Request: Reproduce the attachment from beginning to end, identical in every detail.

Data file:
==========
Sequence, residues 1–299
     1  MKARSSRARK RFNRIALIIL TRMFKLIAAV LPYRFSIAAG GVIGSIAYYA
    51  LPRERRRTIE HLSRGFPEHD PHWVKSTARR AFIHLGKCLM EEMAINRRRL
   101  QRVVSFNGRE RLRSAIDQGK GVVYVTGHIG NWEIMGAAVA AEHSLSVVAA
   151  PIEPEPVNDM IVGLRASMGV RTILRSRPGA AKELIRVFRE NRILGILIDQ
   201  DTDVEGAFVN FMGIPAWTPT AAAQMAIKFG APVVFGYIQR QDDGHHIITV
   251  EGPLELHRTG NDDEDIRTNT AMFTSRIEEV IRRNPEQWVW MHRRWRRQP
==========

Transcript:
Sequence, residues 1–299
     1  MKARSSRARK RFNRIALIIL TRMFKLIAAV LPYRFSIAAG GVIGSIAYYA
    51  LPRERRRTIE HLSRGFPEHD PHWVKSTARR AFIHLGKCLM EEMAINRRRL
   101  QRVVSFNGRE RLRSAIDQGK GVVYVTGHIG NWEIMGAAVA AEHSLSVVAA
   151  PIEPEPVNDM IVGLRASMGV RTILRSRPGA AKELIRVFRE NRILGILIDQ
   201  DTDVEGAFVN FMGIPAWTPT AAAQMAIKFG APVVFGYIQR QDDGHHIITV
   251  EGPLELHRTG NDDEDIRTNT AMFTSRIEEV IRRNPEQWVW MHRRWRRQP